Cable operators’ strike fails to make waves
KARACHI, August 26: A tit for tat move by the Cable Operators Association of Pakistan (CAP) on August 25, to stop broadcasting Pakistan based channels on their networks, failed to create any impact, since a large number of cable operators did not tow the line of CAP and continued with their broadcasts.
The CAP had planned to stop showing based channels, in retaliation to the Electronic Media Regulation Authority (PEMRA) decision to ban broad-cast of India based channels on cable networks.
Cable operators are waiting for the government to invite them to talks for resolving this matter, but it seems that the Ministry of Information and Broadcast is content with newspaper statements and its officials do not plan to bow before any pressure from cable operators.
On August 24, Sunday, a holiday, all major areas of the city received regular channels (minus Indian channels) on cable networks, with the exception of the few areas in Defence, Saddar and Federal B Area.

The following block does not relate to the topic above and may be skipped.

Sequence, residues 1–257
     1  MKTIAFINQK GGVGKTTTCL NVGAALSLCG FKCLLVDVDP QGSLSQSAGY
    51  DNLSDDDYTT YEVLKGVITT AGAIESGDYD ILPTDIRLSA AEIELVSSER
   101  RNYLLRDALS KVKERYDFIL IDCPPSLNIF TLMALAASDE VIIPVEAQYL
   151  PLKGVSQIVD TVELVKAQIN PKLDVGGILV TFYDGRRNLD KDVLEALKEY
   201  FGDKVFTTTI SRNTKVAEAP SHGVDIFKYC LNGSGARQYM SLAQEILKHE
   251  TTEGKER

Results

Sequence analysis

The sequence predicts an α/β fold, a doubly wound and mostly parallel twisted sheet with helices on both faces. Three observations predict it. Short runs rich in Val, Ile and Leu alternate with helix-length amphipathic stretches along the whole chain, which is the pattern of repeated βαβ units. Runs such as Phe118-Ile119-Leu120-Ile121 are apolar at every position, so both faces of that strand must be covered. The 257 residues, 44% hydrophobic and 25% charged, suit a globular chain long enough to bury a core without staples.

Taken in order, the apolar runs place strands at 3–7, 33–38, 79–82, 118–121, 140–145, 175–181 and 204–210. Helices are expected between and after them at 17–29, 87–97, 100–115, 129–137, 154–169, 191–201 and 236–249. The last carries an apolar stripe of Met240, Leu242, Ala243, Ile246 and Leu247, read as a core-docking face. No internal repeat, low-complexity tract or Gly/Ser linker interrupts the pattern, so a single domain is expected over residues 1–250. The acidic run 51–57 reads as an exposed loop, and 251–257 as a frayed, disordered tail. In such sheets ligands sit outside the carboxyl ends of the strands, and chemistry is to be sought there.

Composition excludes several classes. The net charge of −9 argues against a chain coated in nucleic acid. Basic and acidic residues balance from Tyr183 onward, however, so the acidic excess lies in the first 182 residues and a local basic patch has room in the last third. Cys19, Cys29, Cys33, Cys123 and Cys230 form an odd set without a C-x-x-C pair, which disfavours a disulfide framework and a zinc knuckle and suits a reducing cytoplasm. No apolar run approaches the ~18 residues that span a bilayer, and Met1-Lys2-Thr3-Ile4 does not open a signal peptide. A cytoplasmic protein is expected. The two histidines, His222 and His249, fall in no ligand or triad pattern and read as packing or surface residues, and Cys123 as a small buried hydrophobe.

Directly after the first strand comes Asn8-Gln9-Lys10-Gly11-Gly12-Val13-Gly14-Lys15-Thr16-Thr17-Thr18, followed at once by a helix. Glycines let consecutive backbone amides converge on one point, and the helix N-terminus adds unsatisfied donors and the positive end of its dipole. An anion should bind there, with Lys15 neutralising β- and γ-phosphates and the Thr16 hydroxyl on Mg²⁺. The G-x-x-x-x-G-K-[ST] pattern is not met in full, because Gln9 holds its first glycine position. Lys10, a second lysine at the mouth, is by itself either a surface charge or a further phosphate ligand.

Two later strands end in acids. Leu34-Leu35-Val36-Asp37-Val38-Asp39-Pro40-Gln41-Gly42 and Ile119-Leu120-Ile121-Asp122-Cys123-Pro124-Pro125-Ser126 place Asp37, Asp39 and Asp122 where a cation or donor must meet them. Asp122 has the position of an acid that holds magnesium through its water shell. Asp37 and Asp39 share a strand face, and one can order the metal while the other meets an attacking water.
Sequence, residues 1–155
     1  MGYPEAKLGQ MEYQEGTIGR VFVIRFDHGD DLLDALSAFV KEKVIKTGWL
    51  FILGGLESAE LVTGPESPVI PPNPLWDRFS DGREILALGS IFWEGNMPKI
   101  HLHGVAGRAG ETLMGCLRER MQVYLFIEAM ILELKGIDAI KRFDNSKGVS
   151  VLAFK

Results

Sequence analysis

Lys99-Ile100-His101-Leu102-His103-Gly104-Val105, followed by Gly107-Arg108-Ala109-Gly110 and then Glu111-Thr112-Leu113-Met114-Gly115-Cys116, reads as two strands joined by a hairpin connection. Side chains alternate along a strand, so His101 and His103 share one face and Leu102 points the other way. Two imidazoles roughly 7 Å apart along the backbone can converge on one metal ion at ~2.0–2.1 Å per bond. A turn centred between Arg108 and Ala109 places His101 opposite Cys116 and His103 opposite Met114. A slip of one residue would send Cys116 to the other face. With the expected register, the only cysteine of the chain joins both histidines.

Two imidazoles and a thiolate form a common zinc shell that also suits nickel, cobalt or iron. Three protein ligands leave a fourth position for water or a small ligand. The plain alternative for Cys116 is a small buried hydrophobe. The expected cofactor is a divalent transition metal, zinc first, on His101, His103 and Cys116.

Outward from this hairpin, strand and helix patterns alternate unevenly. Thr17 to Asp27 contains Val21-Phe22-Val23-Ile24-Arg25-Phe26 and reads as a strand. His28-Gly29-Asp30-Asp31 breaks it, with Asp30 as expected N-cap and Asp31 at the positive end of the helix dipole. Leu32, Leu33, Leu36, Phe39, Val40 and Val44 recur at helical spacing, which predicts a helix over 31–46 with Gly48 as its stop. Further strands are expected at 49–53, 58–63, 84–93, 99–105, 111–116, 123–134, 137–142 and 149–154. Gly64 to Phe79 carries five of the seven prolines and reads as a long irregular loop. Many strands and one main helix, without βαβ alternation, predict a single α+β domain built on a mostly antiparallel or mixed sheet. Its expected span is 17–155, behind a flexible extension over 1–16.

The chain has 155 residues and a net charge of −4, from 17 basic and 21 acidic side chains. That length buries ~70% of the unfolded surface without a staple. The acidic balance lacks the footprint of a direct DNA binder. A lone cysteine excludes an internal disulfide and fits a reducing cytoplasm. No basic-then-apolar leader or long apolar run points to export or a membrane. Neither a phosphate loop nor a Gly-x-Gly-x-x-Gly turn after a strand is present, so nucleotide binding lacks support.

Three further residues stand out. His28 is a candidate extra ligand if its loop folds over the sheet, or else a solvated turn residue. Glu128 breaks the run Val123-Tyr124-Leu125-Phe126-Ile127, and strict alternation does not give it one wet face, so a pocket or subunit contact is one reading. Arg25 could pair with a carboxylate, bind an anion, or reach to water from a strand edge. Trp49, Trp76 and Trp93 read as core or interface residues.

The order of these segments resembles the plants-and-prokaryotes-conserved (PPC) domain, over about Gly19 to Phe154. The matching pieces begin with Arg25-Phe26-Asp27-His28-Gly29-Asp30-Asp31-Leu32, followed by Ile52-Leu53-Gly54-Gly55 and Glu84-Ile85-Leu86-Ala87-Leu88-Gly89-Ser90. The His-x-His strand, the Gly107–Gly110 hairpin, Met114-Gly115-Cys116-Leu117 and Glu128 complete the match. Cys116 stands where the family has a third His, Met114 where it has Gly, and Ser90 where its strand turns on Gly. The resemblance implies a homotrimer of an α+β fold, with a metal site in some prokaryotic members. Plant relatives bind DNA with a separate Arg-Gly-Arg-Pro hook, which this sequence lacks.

Though Sports fans were a bit on their nerves, anticipating channel blackout during the Pakistan Vs India Hockey match in the afternoon.
All the major cities of the Punjab province continued to receive regular channels, according to sources, who claim minimal impact of the strike in Lahore.
Vice Chairman of CAP, Tahir Ali Khan, commenting over the impact of the strike said, “We will continue to stop showing Pakistan based channels until August 31, as decided by our organisation. We are planning to bring into the net those hesitant operators who are afraid to join our move.”
The timing of the strike by some is considered not good. Cable operators on average pay a licence fee of Rs25, 000 per year to PEMRA. The annual collection results in nearly Rs25 million. Cable operators have made the payment of renewal fees for the period July 2003 to July 2004. Therefore, some operators think that PEMRA will be interested in listening to their grievance not now, but in June, the next year.
Some cable operators say, “It is not our responsibility if people do not want to view Pakistan based channels and the advertisers are also spending on advertisements to foreign channels. Why does the government stop advertisers to place ads on foreign channels?”
There is not much choice left with the viewers, say some ob-servers. “Digital satellite dish receiving systems, though available at affordable rates, do not offer a wide variety of choice, because all the popular channels require ‘payment’.
At present, a pre-paid card for viewing most of the Indian channels and some popular English ones costs Rsl8, 000 for a six-month period.
As the tussle between PEMRA and CAP goes on, and it is expected that it will carry on for a long time, the viewers will sit idle watching ghosts on television screens.
Source: The News